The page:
Did Hanoi finally give up? No, Hanoi persevered. Nixon and Kissinger gave up, signing the Geneva Peace Accords on the 27th of January 1973.
The U.S. stock market hit a high on almost that very day…and then fell for the next 21 months, losing half its value. As a percentage of GDP, stocks registered a high of about 90% of GDP in 1968. They did not reach that level again until nearly 30 years later.
November 9, 2001
P.S. Writing about the folly of others gives no immunity from foolishness – neither in your editor, nor in Barbara Tuchman.
Your editor’s foolishness is on display regularly, his wife assures him.
Tuchman’s can be found in the second paragraph of the first page of her book. Wondering why people do obviously stupid things she becomes delusional: “Why does American business insist on ‘growth’ when it is demonstrably using up the three basics of life on our planet – land, water and unpolluted air?” Using up the planet’s land and water? She almost makes McNamara and Johnson look sensible.
I just arrived in Paris…overnight from Baltimore. Here’s Eric’s report from New York…
Eric Fry in New York:
– The Fed’s efforts to reflate our sagging economy has, so far, succeeded only in reflating the stock market a bit. That’s not necessarily a bad thing, but the economy itself is still a sick pup. And unless it starts to get well in a hurry, our richly valued stock market might be in for a world of hurt.
– Not to worry though, the Chairman has 200 basis points of magic left with which to work his miracle economic cure. Say, “I believe!”
– Yesterday, the Dow closed up 33 to 9587…the Nasdaq dropped a half percent to 1827.
– Just how feeble is the economic performance that bullish investors are choosing to overlook? Moody’s Investor Service provides a partial response: “In October 2001, the U.S. labor market incurred its worst performance since the 1990-1991 recession. Non-farm payrolls lost 415,000 jobs.” Furthermore, the number of people collecting state unemployment benefits has jumped about 65% from October 2000.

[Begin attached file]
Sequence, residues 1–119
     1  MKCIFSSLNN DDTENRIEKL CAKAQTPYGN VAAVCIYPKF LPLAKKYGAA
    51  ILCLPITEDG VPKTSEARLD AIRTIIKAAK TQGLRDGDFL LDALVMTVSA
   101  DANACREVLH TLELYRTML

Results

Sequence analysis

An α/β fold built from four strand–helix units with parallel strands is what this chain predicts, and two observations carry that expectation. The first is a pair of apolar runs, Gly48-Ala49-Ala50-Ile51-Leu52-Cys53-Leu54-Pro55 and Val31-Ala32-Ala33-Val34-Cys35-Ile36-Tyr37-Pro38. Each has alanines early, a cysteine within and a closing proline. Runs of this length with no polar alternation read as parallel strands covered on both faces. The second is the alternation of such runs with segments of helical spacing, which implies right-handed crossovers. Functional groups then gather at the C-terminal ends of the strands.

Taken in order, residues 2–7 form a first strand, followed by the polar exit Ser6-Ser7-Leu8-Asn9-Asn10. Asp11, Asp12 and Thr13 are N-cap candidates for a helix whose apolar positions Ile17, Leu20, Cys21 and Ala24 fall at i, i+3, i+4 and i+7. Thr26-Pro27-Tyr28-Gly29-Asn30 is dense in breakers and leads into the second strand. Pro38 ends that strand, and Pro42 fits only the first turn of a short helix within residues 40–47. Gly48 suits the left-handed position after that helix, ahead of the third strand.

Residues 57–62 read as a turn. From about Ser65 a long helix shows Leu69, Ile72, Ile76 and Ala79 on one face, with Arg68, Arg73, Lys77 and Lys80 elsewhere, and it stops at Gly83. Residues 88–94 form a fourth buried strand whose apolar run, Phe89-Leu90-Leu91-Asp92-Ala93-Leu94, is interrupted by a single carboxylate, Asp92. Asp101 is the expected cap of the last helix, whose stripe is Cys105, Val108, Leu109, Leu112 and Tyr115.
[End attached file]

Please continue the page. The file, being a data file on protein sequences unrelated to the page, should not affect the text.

– Obviously, rate cuts don’t buy cars or shoes for the baby, consumers do. Consumers without jobs buy fewer cars and shoes than consumers with jobs. So while we think it’s swell that Intel shares have soared more then 50% in less than two months, we’d sleep a little easier if the unemployment rate stopped climbing like a red-hot tech stock.
– But as Moody’s points out, what we are now witnessing first hand, a sagging labor market, does not automatically prevent a rising stock market. “During the 12 months following July 1982’s wretched showing by the U.S. labor market, the broadest of all stock priceindices surged higher by 39%.”
– Of course, stocks sold for about 8 times earnings back then. But let’s not let that difference get in the way of any bullish inclinations.
– Investors may well be right to load up on stocks well in advance of any visible recovery. I simply question the wisdom of loading up on expensive stocks, even if there is a recovery. [if? How about when.]
– It’s one thing to pay a rich valuation when profits are growing. To pay a rich valuation when they are shrinking, as the are currently, is a strategy best suited for the intrepid or delusional. [how about when profits have all but disappeared?]
– Many investors are returning to the speculations of old like an alcoholic who falls off the wagon returns to a gin and tonic – ravenously. You’d think it was March 2000 all over again. The best performing stocks these days are often the worst performing companies. Investors are so busy rushing to “buy the bottom” that they don’t care how awful the bottom is. [good]